“China is not to be trusted,” former American Institute in Taiwan director Stephen Young said in Taipei yesterday, using Beijing’s dealings with the pro-democracy protesters in Hong Kong as an example.
Young made the remark at a forum in Taipei on Taiwan-US relations hosted by the Taiwan Thinktank and the Washington-based Global Taiwan Institute.
Despite China’s promise of a high degree of autonomy for Hong Kong for 50 years under the “one country, two systems” formula, the situation in Hong Kong over the past six months suggests a gradual collapse of autonomy, said Young, who served as US consul general to Hong Kong from 2010 to 2013.
Photo: Fang Pin-chao, Taipei Times
Taiwan has an option, “unfortunately, Hong Kong has not,” he said, in reference to China’s “one country, two systems” model.
What happened in Hong Kong is a lesson for all that China is not to be trusted, he said, adding that Taiwanese could learn from the Hong Kong situation, despite China trying to convince them to feel easy about unifcation.
The US must stand on the side of democratic Taiwan as China seeks to marginalize it internationally, he said.
Meanwhile, in a keynote speech at the forum, Minister of Transportation and Communications Lin Chia-lung (林佳龍) said that the government would soon officially apply to join the US border preclearance system, to expedite entry for its citizens into the US.
The two countries have already exchanged letters of intent regarding a One-Stop Security arrangement, which recognizes security screening at Taoyuan International Airport so that checked luggage originating from there could be transferred to connecting flights in the US without having to be screened again, Lin said.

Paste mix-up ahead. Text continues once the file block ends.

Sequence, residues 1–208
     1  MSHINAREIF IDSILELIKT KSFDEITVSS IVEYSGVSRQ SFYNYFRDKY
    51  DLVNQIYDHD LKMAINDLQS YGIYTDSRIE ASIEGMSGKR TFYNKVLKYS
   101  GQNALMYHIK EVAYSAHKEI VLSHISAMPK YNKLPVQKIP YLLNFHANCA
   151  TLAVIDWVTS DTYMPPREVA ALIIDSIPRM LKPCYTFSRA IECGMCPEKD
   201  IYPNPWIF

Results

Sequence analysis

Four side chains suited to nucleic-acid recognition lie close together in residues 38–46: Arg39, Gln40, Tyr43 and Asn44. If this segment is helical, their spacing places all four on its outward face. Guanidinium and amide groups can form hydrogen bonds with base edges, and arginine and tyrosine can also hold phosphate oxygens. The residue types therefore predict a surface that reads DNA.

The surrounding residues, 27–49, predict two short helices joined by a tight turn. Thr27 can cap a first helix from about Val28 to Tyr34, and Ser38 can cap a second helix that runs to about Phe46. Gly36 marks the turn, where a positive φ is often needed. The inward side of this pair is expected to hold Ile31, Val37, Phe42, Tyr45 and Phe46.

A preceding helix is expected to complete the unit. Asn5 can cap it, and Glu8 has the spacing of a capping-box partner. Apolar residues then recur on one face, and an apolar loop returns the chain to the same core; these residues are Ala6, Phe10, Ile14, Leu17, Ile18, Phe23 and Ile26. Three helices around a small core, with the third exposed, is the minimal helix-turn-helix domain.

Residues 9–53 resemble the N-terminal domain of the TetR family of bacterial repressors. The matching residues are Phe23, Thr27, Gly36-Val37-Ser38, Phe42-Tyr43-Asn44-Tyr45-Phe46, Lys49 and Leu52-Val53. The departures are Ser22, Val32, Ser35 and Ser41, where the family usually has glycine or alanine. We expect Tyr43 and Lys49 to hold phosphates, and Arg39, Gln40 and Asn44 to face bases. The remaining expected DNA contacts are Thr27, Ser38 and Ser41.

Taiwan is hoping to expand the arrangement to hand luggage before 2022, Lin said.
The US has approved Taiwan to join the preclearance system “in principle,” and as soon as it provides the details of how to proceed, the government would make the application, he said.
According to US Customs and Border Protection (CBP), preclearance is the “strategic stationing of CBP law enforcement personnel overseas to inspect travelers prior to boarding US-bound flights.”
The operation is meant to streamline border procedures, reduce congestion at US ports of entry and facilitate travel between preclearance locations and US ports unequipped to handle international travelers, according to the CBP.
The CBP has more than 600 law enforcement officers and agriculture specialists stationed at 15 preclearance airports in six countries, namely the Bahamas, Bermuda, Canada, Ireland, the United Arab Emirates and Aruba, a Caribbean constituent of the Netherlands.
Taiwan is part of the US Visa Waiver and Global Entry program, which allows for expedited entry into the US.
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